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Ken Jarvis, the former Procter & Gamble Co. and Mennen marketing man who is running for a seat on the Nevada District 18 Assembly, won the Republican primary last week with 64% of the vote. Ken is running on the promise that he will push legislation to tax advertising if elected (see Adages, Aug. 19). Here's how the Las Vegas Review Journal reported it: "One candidate who made history was Republican Ken Jarvis. He won his assembly race by spending less than $1. He eschewed signs and mailers and campaigned via e-mail ([email protected]) and the Internet." Ken, who is taking no campaign contributions, tells Adages that Republican Party officials in his district are not backing him. "The old guard doesn't like the fact that I'm doing it a new way. If I had lost, they would have used it as proof that Internet campaigning does not work. So I will use it as proof that campaigning using the Internet does work." By the way, Ken is not, as previously reported, a single-issue candidate. Besides taxing ads, he promises to push a bill that will punish repeat sex offenders with castration. No joke.

Ken says, "I talked to John Walsh's office this morning. The `America's Most Wanted' guy. I am trying to get him to endorse the idea."

Zipper, the pinhead

Last week, Zipatoni Co., a St. Louis-based promotion agency, announced that its office will close at 3 p.m. on Sept. 11 so that employees can attend a company-hosted patriotic rally. "The afternoon rally will consist of an employee rendition of `God Bless America' and then the company will close early and each employee will receive a $50 bill to spend." Chief Operating Officer Norty Cohen said: "Zipatoni employees, or Zippers as we call them, are so dedicated that they typically work twice as hard as most people, so by 3 p.m. that day we'll have done more work than most other companies." Adages suggests the big Zipper at Zipatoni keep it zipped.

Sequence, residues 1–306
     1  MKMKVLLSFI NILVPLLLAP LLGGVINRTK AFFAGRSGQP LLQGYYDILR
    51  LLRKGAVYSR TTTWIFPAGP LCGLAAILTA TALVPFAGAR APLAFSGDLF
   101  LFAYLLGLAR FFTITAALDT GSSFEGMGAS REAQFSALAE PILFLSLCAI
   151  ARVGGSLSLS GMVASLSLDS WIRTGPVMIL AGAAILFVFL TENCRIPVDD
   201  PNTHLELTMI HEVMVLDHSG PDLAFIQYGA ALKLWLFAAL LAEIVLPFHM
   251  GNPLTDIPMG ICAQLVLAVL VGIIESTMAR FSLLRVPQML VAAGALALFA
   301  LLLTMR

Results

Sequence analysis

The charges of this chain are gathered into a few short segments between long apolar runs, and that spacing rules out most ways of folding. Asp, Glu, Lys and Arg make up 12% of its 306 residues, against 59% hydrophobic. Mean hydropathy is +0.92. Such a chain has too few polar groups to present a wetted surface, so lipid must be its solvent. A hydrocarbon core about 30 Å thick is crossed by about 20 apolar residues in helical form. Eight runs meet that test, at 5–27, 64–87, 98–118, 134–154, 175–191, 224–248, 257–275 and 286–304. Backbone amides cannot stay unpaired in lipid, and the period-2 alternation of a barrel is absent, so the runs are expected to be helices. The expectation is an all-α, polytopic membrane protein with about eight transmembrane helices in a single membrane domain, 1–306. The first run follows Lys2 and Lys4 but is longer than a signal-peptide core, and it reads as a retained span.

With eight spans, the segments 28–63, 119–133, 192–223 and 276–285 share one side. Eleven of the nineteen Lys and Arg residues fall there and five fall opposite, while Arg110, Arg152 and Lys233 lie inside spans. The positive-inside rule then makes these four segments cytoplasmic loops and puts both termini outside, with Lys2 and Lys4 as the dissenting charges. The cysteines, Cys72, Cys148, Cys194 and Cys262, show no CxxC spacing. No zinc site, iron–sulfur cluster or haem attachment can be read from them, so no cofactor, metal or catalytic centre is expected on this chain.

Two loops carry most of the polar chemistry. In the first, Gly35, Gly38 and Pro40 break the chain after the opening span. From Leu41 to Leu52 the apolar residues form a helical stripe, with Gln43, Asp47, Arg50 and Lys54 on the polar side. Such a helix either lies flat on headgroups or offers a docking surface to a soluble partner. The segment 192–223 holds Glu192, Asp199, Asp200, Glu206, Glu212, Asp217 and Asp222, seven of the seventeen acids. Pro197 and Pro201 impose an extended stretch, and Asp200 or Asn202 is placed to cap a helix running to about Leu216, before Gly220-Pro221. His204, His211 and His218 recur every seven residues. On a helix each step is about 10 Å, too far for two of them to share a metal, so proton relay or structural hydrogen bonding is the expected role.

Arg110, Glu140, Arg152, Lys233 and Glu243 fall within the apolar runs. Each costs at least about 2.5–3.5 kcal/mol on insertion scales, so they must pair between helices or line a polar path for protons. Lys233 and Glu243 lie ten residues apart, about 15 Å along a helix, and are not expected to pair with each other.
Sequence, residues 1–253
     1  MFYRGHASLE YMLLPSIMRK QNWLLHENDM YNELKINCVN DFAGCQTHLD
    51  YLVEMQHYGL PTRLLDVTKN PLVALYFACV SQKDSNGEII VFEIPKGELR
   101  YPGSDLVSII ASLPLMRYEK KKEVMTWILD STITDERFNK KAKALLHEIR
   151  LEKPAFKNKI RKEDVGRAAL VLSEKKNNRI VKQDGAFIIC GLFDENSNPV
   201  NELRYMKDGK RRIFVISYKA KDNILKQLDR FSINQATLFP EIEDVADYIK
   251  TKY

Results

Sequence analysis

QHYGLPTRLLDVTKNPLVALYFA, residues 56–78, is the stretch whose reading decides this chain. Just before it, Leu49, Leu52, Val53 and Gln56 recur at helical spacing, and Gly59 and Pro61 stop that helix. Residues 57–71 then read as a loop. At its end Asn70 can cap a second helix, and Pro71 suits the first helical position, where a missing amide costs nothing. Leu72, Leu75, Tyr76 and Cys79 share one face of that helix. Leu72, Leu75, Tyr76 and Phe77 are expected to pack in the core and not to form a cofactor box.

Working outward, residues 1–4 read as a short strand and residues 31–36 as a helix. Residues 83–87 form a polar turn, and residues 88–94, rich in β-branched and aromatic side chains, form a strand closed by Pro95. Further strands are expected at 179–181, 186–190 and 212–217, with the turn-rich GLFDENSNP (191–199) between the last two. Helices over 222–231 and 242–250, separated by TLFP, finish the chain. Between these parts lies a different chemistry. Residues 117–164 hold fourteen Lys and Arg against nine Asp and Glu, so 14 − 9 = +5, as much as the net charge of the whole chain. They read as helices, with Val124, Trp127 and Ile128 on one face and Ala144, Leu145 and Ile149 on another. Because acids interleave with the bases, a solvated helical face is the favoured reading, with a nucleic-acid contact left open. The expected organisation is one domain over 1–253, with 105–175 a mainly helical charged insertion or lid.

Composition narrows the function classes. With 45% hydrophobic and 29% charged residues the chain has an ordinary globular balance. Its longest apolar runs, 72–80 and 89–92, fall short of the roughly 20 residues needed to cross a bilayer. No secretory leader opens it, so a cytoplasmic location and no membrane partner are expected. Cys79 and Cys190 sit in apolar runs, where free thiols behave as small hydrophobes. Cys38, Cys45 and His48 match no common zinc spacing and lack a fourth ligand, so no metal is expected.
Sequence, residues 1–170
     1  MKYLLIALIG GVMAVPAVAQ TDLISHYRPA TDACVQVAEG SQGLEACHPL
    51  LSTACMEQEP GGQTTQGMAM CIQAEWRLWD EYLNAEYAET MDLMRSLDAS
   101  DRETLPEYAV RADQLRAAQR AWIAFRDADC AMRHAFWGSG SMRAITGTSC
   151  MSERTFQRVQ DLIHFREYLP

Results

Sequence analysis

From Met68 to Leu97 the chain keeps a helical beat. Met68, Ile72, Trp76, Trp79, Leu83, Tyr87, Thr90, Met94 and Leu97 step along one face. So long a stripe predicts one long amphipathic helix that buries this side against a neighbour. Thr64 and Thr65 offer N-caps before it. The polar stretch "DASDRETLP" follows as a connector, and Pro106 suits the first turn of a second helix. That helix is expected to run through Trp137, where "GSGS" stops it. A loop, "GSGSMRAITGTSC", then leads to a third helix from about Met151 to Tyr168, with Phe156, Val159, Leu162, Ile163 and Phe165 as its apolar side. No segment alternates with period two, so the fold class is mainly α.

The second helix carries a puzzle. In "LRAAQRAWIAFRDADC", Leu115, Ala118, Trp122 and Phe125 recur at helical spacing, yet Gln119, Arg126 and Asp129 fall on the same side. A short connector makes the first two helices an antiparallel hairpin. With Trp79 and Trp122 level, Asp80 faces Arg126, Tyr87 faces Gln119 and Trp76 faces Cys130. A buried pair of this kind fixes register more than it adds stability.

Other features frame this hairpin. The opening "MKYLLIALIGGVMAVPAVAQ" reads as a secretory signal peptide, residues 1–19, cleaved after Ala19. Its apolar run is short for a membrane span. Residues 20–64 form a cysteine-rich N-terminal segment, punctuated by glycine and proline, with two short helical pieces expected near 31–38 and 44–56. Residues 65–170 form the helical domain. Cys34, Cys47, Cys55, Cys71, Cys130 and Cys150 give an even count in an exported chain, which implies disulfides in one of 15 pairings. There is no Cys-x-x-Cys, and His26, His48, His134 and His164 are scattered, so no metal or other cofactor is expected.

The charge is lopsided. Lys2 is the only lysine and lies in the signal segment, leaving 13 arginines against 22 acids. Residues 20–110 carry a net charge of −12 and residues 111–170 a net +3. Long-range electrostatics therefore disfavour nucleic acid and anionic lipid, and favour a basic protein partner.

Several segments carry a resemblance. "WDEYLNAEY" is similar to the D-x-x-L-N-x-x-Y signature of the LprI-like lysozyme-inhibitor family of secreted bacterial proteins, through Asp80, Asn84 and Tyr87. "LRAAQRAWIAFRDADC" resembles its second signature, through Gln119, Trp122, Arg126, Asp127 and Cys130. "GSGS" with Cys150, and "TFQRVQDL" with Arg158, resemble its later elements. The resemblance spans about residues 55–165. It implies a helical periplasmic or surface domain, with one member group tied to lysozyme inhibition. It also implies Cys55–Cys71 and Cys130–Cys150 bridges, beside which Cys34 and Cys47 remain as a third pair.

Follow the leader

Larry Postaer, creative chief at Rubin & Postaer, is kvetching over new Audi A4 Cabriolet print ads from McKinney & Silver that spoof the car's owner's manual. He calls them "an exact replica in every way" of his shop's 1998 ads for Honda's CR-V sport utility. "I've never seen [an ad]so blatantly knocked off." And Audi's new brand tag is "Never Follow." A McKinney spokeswoman says the agency wasn't aware of the old Honda ads. Hey, Larry: Loosen up! This stuff is not only in the air, it's in the glove compartment. Crispin Porter Bogusky's campaign for the BMW Mini actually published a parody manual. A sample road rule from the Mini mag: "Car doors should not be used as privacy screens for people over 6 feet tall."

Fat feeders

The good news last week: McDonald's is dropping the "bad fat" in its fries and substituting it with "good fat." The fast feeder's advertising, however, still targets its most-prized customers, the feeders who like to go to burger joints three or four times a week. In marketing parlance, these frequent feeders are called "heavy users," which surprisingly, for marketing jargon, paints an accurate picture. "The term heavy user has nothing to do with weight," counters a spokeswoman at another food chain, Pizza Hut. "It's a research term that is used to segment the business and help define behavior. " Yeah, right.

Contributing: Jean Halliday and Kate MacArthur E-mail your ballots to [email protected]

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